Infographic Elements from Scratch in Illustrator


Infographic Elements from Scratch in Illustrator


Lesson Info

Advanced Techniques in Pathfinder Panel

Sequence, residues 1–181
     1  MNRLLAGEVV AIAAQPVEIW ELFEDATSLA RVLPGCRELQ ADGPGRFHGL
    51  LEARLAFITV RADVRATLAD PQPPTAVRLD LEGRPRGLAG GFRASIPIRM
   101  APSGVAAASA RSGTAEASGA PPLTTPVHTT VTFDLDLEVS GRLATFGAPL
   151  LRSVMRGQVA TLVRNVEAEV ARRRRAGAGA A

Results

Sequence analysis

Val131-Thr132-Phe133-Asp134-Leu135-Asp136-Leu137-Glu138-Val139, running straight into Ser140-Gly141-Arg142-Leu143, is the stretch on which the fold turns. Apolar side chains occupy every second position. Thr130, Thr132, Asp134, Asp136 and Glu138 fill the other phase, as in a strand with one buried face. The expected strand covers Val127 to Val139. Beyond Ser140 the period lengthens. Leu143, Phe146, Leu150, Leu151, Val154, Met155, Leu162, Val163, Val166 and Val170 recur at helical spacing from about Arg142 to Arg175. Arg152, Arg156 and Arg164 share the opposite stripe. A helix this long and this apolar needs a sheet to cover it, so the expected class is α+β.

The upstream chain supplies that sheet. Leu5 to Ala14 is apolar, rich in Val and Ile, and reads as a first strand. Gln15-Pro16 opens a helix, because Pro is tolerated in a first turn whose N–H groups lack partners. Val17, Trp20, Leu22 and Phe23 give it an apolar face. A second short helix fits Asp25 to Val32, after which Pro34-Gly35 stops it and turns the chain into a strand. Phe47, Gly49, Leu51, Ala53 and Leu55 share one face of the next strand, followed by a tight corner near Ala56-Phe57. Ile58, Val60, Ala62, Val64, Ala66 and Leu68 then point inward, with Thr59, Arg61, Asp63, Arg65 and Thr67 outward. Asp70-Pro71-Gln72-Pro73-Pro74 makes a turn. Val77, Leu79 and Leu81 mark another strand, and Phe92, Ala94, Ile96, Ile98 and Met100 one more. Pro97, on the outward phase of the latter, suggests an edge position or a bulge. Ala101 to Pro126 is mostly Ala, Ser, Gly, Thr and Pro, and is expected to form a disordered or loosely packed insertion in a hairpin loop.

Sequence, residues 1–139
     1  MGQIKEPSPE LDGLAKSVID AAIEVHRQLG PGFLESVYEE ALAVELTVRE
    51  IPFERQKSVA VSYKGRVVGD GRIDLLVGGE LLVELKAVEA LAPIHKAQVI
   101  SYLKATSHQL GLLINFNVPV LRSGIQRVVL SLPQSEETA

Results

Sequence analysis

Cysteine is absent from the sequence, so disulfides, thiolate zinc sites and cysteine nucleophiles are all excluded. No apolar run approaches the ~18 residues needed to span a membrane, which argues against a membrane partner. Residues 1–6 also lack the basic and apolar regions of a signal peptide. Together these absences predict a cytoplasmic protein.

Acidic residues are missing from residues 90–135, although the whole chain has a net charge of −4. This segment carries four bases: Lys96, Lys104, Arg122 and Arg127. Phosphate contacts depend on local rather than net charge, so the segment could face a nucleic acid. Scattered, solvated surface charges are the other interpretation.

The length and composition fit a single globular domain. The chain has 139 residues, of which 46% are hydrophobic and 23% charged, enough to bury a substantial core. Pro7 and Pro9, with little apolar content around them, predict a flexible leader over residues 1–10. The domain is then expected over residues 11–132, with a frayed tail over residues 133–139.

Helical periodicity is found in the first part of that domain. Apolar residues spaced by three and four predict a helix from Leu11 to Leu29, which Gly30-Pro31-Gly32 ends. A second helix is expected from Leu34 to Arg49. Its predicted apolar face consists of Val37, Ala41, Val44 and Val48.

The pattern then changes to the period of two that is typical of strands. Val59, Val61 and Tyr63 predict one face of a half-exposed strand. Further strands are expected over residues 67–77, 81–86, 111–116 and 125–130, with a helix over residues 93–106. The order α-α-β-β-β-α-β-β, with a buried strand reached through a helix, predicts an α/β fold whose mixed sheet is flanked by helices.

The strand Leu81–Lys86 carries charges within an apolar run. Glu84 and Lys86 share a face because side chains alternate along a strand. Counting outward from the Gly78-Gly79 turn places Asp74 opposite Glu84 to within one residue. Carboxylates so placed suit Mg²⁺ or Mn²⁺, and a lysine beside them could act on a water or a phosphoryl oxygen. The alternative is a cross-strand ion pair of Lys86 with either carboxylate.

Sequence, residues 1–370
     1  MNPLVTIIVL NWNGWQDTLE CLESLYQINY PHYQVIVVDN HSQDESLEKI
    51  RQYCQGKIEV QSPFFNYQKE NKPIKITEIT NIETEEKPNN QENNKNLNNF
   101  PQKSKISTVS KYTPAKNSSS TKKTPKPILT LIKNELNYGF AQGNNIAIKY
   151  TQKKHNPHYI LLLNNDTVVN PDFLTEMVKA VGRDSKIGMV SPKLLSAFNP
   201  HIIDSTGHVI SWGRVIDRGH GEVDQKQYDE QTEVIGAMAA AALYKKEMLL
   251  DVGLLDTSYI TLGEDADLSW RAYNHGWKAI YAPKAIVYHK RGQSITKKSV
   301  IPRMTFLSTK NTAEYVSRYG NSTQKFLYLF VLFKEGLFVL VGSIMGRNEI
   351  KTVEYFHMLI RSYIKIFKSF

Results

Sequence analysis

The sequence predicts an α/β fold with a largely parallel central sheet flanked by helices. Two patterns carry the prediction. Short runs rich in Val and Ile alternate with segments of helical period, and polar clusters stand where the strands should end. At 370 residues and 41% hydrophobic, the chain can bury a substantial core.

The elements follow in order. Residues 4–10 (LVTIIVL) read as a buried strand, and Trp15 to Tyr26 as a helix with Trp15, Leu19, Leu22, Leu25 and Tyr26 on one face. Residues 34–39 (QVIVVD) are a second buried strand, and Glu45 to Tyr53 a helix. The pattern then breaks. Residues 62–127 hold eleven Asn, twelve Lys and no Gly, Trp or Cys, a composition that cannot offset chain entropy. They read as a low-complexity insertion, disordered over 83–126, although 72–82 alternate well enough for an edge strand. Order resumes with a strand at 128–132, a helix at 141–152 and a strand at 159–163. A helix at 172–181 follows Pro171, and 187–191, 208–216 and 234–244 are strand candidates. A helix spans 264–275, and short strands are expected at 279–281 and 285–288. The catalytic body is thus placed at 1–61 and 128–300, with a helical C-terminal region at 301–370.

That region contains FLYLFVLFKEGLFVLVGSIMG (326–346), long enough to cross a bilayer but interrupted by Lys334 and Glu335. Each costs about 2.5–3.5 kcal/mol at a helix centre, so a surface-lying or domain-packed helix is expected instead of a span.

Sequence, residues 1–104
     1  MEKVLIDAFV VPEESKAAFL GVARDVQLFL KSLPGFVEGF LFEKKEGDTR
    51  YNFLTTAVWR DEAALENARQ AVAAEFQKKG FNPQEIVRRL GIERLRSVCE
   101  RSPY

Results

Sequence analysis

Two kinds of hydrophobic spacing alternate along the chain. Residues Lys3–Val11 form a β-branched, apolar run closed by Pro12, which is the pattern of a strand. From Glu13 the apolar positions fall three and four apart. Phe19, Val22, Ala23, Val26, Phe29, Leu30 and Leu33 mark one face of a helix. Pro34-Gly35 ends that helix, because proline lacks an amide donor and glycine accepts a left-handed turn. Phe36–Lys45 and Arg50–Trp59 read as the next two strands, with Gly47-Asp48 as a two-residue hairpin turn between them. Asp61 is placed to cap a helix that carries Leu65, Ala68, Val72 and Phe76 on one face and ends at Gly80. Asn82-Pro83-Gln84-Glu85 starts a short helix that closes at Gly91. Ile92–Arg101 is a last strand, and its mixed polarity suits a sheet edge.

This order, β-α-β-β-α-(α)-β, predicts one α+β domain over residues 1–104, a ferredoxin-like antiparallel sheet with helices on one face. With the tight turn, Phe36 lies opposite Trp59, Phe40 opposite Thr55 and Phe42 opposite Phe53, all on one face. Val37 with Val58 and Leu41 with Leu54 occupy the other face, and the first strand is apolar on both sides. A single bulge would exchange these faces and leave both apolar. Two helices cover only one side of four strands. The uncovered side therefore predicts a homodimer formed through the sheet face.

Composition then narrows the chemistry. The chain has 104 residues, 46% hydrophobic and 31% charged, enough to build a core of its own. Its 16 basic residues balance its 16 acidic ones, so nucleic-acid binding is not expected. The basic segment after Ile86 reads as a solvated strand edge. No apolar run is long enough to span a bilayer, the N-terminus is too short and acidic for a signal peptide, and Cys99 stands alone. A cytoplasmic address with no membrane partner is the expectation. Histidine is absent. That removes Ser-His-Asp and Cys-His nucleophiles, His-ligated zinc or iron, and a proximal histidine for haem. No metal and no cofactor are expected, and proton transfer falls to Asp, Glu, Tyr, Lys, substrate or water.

So, more things that we can do with the pathfinder mode. Now this is one that I just did last week, and I love it because it's so simple. I'm gonna take these shapes here, and sometimes the process that we do takes multiple steps. So I want to end up creating an ax head here, so I'm gonna start with a circle, I'm gonna duplicate that circle, and what I wanna do, is, I'm gonna change the color of this, so we can see the outlines a lot better, there we go. So the resulting shape is, I want a double-headed ax, curved on this side, curved on this side, and I'm gonna go through and take my shapes, and I'm gonna do, this right here, so, I just want this ax shape right here, you see that. Okay. So, I'm gonna go and I'm gonna select all my objects, I'm gonna do minus front. When I do that, and it's like, oh my gosh, everything disappears. Isn't that cool. Now, sometimes you have to do these things in steps. I, in some cases I won't be able to go in and do everything I want, so I would have to ...